Tim Draxl swaps stage and screen for painter's canvas as solo exhibition opens at Katoomba gallery

He's best known for his stage and screen roles but Tim Draxl will launch a new creative front this January when he opens his first solo art exhibition in Katoomba.

It's a quick ascent for the acclaimed performer who took up painting as an outlet for his own creativity, with no real thought of ever exhibiting his paintings.

"As a painter you kind of fantasise that someone is going to see a painting one day and go: 'I'd like to offer you a solo exhibition' - and that's exactly what happened... People paint for years and years and don't get that kind of opportunity. I was just giggling to myself - and I still do it - that this has come to fruition. It's quite amazing and very exciting," he said.

Known to television audiences for his performance as Dr Henry Fox in A Place to Call Home, Draxl's other small screen credits include Serangoon Road, Miss Fisher's Murder Mysteries and The Shark Net, while his film roles include A Few Best Men and Swimming Upstream. On stage, he has thrilled audiences with leading roles in Only Heaven Knows at Hayes Theatre and Torch Song Trilogy at Darlinghurst Theatre Company. Dubbed Australia's best cabaret artist by the Sydney Morning Herald, he has performed around the world, including at the prestigious New York Cabaret Convention.

When the Gazette spoke to the Sydneysider in late December he was isolating in a Melbourne hotel, ahead of filming a role in a new Liam Neeson movie, Blacklight.

"Just working at the moment is a huge privilege and I think everyone in our industry is feeling the gratitude of being able to go to work in Australia even with all the extra provisions that are in place because of COVID," he said.

Draxl plays the editor of a news publication who breaks a story "that kind of gets him into a bit of trouble" in the $43 million film, helmed by the creator of Netflix hit Ozark, Mark Williams.

The high profile project went into production as Draxl was juggling shooting dates for an upcoming ABC television drama series, The Newsreader, also produced in Melbourne.

It was a different story at the start of 2020 when COVID-19 struck. Draxl was about to star in a new stage production of A Chorus Line in Sydney when the pandemic forced the show's cancellation on the day of opening night (the Darlinghurst Theatre Company production will now open in August).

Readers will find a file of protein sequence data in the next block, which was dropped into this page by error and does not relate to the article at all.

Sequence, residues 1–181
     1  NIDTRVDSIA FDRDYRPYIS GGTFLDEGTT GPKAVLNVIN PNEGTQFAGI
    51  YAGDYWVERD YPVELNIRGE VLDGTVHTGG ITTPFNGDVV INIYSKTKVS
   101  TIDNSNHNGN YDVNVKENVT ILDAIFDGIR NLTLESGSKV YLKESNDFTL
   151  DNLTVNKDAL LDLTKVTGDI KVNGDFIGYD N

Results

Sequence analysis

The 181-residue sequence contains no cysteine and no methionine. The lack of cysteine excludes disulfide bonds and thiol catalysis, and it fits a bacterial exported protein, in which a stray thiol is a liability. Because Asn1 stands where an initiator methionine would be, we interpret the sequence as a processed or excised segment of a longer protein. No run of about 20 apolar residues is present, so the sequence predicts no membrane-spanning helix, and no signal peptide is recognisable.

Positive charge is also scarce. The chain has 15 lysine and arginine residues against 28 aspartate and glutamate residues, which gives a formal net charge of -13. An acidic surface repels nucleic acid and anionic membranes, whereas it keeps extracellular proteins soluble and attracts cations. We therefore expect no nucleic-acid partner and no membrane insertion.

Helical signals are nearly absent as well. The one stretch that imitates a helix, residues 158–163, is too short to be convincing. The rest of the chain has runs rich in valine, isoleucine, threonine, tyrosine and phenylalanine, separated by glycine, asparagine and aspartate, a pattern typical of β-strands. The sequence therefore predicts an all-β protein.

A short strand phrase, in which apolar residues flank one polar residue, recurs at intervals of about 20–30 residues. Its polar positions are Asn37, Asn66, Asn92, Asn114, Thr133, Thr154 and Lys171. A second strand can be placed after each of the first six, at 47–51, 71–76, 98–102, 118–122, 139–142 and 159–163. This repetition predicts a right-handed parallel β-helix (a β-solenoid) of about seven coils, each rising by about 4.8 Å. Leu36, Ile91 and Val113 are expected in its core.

"There were tears shed and a lot of fear about what was going to happen... There were so many unknown variables," he said.

But even with work evaporating, Draxl found matters closer to home quickly taking priority.

"When COVID hit my partner and I went down to the south coast (Minnamurra near Kiama) to my mum's property to basically look after my mum because she was in the high risk bracket and couldn't really leave the house," he said.

Artistic pursuits soon took a backseat to COVID-safe expeditions to the supermarket for his 79-year-old mother.

"The creative part of my brain really shut down. I don't know if that was some kind of survival mechanism, that my body went: 'That's not an essential thing right now'."

It was only after a virtual concert for the Sydney Opera House in June that Draxl started to reawaken his artistic side.

"Once I did that, and got into some kind of creative flow, that's when I started going back into the studio. It was really just for myself, there was no mention of an exhibition [at that stage]."

In an artist statement post on his Instagram page, Draxl said there are many similarities between painting and performing. "My paint clothes are my costume, my studio is the performance space, and in the act of painting, I am a painter creating emotion through the very real use of colour," he wrote.